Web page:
"Numerous assignments of error were submitted to the Supreme Court, and received consideration by that tribunal in the opinion promulgated by it. The same grounds of attack upon the conviction which were there made have been repeated before us. With a single exception, we are content with the disposition made of them by that court and for the reasons set out in the opinion."

The indictment is not defective in failing to allege corruption.

III.

It is the defendant's contention that each count of the indictment is fatally deficient in its failure to state facts setting forth his alleged neglect and omission of duty. Our State Constitution guarantees that "No person shall be held to answer for a criminal offense, unless on the presentment or indictment of a grand jury.," Art. I, par. 8. Our rules of court provide that "The indictment or accusation shall be a written statement of the essential facts constituting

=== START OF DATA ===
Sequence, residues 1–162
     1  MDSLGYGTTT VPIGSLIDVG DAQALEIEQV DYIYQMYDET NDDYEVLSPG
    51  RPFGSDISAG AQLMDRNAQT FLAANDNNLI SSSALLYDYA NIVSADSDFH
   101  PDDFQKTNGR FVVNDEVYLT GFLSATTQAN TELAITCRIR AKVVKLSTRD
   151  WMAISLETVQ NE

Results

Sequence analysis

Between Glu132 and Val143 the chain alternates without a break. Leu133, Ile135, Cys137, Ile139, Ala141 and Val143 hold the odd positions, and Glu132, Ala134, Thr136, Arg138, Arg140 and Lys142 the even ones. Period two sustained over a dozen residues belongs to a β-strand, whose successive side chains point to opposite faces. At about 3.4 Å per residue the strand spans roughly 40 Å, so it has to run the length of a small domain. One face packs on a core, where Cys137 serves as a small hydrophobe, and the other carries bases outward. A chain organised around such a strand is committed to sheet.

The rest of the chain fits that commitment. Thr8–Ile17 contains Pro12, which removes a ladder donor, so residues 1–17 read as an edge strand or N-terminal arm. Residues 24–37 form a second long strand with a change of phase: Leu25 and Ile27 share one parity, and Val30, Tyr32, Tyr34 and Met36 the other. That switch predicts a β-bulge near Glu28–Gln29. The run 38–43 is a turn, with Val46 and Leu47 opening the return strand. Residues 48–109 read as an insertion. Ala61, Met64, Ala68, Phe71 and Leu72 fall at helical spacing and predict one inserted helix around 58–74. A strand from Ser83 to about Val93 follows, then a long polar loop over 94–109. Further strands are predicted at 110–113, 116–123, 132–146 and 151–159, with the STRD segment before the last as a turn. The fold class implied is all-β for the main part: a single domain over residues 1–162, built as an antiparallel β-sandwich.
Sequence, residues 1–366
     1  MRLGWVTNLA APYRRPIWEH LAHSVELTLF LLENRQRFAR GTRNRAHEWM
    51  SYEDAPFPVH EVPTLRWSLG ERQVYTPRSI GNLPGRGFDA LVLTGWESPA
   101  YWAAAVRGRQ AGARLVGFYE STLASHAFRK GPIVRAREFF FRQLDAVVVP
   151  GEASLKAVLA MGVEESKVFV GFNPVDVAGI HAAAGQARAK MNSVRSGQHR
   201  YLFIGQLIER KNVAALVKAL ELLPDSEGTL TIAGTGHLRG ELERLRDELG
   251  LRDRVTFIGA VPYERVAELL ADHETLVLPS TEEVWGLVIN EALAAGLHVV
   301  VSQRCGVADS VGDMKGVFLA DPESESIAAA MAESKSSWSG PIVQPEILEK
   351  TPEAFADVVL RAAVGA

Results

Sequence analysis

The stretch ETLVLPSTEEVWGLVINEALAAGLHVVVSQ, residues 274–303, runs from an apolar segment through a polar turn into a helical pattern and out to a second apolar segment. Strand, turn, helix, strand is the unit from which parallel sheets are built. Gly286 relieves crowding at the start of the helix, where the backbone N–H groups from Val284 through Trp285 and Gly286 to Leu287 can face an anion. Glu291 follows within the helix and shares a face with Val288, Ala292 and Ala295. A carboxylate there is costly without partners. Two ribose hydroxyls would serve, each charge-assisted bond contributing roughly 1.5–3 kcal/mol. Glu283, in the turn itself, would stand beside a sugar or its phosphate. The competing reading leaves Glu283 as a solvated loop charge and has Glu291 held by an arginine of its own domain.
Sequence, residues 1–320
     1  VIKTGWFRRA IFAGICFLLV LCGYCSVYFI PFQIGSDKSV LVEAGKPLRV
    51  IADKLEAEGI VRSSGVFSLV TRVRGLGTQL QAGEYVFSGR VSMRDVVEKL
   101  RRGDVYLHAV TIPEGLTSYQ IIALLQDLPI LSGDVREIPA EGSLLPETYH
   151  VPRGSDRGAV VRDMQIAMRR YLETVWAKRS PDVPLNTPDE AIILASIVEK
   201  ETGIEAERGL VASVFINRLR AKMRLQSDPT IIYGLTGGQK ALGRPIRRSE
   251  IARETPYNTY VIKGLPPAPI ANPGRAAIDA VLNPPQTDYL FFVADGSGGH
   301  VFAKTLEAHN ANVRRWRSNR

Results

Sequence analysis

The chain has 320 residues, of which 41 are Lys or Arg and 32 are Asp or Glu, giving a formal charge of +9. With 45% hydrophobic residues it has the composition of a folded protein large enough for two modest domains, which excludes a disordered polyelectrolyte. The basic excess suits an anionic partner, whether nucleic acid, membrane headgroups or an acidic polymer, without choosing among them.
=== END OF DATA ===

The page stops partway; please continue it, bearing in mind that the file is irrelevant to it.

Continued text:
[12 NJ Page 178]

the offense charged." Rule 2:4-11(a). The purpose of the indictment is to inform the accused of the nature of the offense charged so as to enable him to make an adequate defense as well as to avail himself of his conviction or acquittal to avoid the threat of double jeopardy, State v. Morano, 134 N.J.L. 295 (E. & A. 1946). The indictment also serves to inform the court of the facts alleged so that it may decide whether they are sufficient in law to support a conviction if one should be obtained, U.S. v. Hess, 124 U.S. 483, 31 L. Ed. 516 (1888). The indictment must be examined in the light of the constitutional provisions, the rules of court and the decisions.

Paragraph 3 of each of the first 16 counts set forth defendant's duty as prosecutor to be

"the public duty of using and exercising and causing to be used and exercised, all proper, reasonable and effective means and all lawful means within his power for preserving the public peace and insuring good order in the said County of Bergen, and for suppressing all disorderly houses wherein gaming [etc.] * * *."

Paragraph 5 of each of the first 16 counts charges a breach of duty